Testing common assumptions and the future challenges facing public sector governance were on the agenda at this year’s Public Sector Forum.
The 2017 Public Sector Forum was held in Canberra earlier this month and featured presentations and panel discussions from government leaders, experienced directors and industry experts. This year’s speakers explored why public sector innovation is different to other kinds of innovation, how cross-sector collaboration is key to working towards the greater good and how big data is changing the way that the public sector operates and how we interact with government.
Challenging common assumptions about public sector innovation
Keynote speaker: Dr Robert Kay MAICD, Co-founder and Executive Director of Incept Labs and Adjunct Professor at Macquarie University.
There is a common misconception that the public sector is not as innovative as the private sector. However, this view was challenged in a world-first study by Dr Robert Kay and Dr Chris Goldspink in 2016. In Public Sector Innovation: Why is it different? Kay and Goldspink examined comparable data sets from both the private and public sectors obtained over two studies to find that not only is the public sector innovative, but the ‘nature and form of that innovation is different to the private sector and arises from fundamental differences in the two sectors’ measures of success’.
In a wide-ranging presentation, Kay shared the following insights.
Drivers and barriers for public service innovation are different and complicated
It is commonly accepted that innovation occurs when the uncertainty around any given idea or strategy is reduced so that it can be implemented. But in the public sector, Kay’s study found that there were some attempts at innovation that involved no uncertainty at all, and that fear of scrutiny meant that they were not implemented.
Instances of pro-active vs reactive innovation in the public sector are in stark contrast with the private sector. These differences are a result of complex contextual sensitivities like the political environment, the different players involved (i.e. ministerial vs departmental directives), the media and public expectations.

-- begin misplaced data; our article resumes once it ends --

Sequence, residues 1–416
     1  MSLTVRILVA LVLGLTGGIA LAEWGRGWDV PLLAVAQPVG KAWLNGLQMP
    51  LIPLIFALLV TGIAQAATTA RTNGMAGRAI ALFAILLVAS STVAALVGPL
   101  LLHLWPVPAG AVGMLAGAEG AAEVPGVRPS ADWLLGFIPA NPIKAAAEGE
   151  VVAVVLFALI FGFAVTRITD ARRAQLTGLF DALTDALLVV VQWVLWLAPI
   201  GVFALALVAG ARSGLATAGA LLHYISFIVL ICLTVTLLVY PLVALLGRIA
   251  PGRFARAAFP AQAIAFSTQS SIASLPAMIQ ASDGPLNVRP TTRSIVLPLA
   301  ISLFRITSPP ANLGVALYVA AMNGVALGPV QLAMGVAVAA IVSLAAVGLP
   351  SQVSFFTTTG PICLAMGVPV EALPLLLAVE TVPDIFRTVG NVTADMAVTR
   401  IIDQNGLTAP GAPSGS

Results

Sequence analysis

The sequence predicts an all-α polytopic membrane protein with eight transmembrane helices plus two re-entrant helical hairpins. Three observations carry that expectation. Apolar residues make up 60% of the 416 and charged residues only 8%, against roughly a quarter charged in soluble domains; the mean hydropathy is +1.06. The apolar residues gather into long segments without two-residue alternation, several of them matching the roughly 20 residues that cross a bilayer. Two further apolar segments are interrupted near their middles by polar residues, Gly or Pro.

The success of innovation relies on much more than methodology. When it comes to innovation and its success, there is an element of ‘gut feel’ to the process that relies fundamentally on the experience of individual leaders. In many ways, this experience allows them to predict expectations, reactions and outcomes.
In the public sector there is a view that content knowledge does not matter in management. Despite this trend, it has been found that those with extensive experience “have the confidence to take bigger risks, make better bets in a reactive context to take some of the uncertainty out of the idea.”
We need to protect and promote our organisations’ capacity to ‘explore’
For innovation to occur, organisations of all types are faced with having to strike a balance between two fundamental conflicting processes: to exploit (to emphasise efficiencies, place importance on business operations and have a low appetite for risk and change) or to explore (have an appetite for change, ad hoc opportunities and to accept risk).
In Australia, the vast majority of organisations are devoted to the process of ‘exploitation’. “But you can have too much of a good thing,” says Kay.
‘Exploit’ and ‘explore’ are not merely processes, but are ways of thinking about how an organisation should operate and play an important part in innovation’s implementation and success.
Lessons for better cross-sector collaboration
Panellists: Elizabeth Montano FAICD, Non-executive director
Lucia Cade FAICD, Chair of South East Water Ltd
Andrew Balmaks MAICD, Chairman and Co-founder of Noetic Group
Moderator: Phil Butler, NFP Sector Leader, Australian Institute of Company Directors
Now more than ever before, there is appetite for the public sector to collaborate with both the private and not-for-profit sectors to develop well-thought-out, sustainable and effective products and services with direct benefit to the wider community.
While case studies of successful partnerships between government, the private sector and NFP organisations are few and far between, there are lessons to be learnt from collaboration failures and the challenges that both sides of the partnership confront when they have sought to work together.
Be clear on what it is you want to achieve and why
Before looking outside of your organisation to partner or collaborate on a specific project, a clear purpose is critical. Without it, expectations cannot be set and true success can never be measured.
Ensure your ‘customer’ is at the centre of your decisions
Just like innovation, collaboration should look to address a customer need. It is important to identify who is the customer, ‘whose stakeholder are we’ and what is the intended impact of the project and partnership on the customer.